You Don’t Have to Answer Every Deposition Question (And In Some Cases, You Shouldn’t)
Your attorney has prepped you for your deposition. You’re pretty clear on what will happen, who will be present, and what you should do if you are unable to answer a question. But what if you can answer a question, but you don’t think you should?
This is a typical occurrence at many depositions. While the deposing attorney will ask questions that are relevant to the case, they may also repeat questions to make sure your answers are consistent, or ask questions that are meant to embarrass or enrage you. Often, these questions will be damaging to your case if you answer them truthfully—and of course, you have sworn to do so. So what are your options?
Which Questions Shouldn’t I Answer in a Deposition?
You can object to any questions in a deposition, but you may be compelled to answer if a judge overrules the objection in court. In many cases, questions that do not have to be answered fall into three categories:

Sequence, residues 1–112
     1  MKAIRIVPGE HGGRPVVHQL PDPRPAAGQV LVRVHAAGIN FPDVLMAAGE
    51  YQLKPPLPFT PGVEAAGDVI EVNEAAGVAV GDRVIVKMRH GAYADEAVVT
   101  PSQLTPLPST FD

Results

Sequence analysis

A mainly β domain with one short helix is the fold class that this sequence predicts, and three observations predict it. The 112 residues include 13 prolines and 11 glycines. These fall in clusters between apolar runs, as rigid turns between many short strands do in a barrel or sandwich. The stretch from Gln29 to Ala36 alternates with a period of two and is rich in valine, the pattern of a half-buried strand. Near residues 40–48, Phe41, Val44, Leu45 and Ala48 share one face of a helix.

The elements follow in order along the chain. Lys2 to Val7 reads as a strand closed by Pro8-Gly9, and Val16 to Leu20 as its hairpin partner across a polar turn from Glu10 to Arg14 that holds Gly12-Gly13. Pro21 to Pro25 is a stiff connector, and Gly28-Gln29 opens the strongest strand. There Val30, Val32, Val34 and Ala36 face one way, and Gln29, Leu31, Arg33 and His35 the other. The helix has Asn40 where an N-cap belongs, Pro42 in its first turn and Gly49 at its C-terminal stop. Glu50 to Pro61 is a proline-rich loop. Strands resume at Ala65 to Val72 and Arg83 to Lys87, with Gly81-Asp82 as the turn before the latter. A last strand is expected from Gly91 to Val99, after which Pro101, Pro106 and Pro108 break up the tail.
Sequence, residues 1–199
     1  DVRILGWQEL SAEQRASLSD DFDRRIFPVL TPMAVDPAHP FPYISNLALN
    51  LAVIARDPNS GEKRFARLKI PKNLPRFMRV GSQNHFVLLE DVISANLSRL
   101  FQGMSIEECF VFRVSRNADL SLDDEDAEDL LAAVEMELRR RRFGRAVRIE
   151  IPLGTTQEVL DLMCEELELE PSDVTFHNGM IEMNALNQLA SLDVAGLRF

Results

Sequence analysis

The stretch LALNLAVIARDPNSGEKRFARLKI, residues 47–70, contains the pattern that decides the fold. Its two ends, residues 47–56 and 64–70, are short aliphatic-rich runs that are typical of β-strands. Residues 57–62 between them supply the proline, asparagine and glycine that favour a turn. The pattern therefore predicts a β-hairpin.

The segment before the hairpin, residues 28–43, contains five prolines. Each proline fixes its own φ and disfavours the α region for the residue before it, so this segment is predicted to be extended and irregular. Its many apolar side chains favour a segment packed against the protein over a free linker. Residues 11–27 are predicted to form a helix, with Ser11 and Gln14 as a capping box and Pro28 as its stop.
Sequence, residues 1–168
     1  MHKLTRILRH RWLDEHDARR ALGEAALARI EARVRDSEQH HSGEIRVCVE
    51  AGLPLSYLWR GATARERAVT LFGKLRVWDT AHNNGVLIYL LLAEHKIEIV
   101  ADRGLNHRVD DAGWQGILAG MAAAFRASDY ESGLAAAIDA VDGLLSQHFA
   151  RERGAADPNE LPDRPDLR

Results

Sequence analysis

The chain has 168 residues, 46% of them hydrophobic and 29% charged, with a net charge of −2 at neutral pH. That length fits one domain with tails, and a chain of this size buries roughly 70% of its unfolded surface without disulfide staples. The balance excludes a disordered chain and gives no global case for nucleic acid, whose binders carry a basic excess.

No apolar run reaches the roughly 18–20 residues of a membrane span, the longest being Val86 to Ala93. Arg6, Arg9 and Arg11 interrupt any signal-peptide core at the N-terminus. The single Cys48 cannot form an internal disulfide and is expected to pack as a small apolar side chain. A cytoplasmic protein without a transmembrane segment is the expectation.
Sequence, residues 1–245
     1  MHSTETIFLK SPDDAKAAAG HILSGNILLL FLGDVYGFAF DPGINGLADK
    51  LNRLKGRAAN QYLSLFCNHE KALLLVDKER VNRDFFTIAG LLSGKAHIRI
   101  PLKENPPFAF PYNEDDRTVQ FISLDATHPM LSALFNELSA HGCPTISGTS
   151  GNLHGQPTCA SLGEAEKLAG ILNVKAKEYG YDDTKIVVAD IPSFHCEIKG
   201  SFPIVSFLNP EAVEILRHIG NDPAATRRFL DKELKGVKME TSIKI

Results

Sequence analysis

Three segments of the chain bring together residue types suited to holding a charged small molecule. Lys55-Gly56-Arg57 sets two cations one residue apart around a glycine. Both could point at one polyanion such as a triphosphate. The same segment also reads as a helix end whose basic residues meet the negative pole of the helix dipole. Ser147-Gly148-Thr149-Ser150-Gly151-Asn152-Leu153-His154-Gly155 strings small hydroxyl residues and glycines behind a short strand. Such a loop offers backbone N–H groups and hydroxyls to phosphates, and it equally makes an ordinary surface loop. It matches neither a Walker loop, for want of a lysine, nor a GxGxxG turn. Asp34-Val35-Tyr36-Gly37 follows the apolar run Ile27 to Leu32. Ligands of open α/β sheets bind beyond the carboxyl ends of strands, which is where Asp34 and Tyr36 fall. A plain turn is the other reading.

- Private information. You have a right to refuse any questions about a person’s health, sexuality, or religious beliefs (including your own). The opposing attorney will have to explain how your answer has a direct bearing on the case in order to compel you to answer.
- Privileged information. Confidential conversations that take place between a doctor and a patient, you and your psychiatrist, a lawyer and his clients, or a confession given to a priest are examples of privileged information.
- Irrelevant information. Any question that you think is improper or does not have any bearing on the outcome of the case may be irrelevant. If one of these questions is answered, your attorney will likely stop you from answering and object on your behalf. If he does not, you may object to the question yourself.
How Can I Tell Which Questions Are Irrelevant?
If you aren’t sure what the point of a question is, stop and ask yourself if the answer could have a bearing on how a judge would decide your case. For example, you may not wish to answer questions about your living situation, but a judge may need the information to decide which home is best suited for child custody. Just because the answer could be unsettling or be used against you does not mean it is not relevant to the case.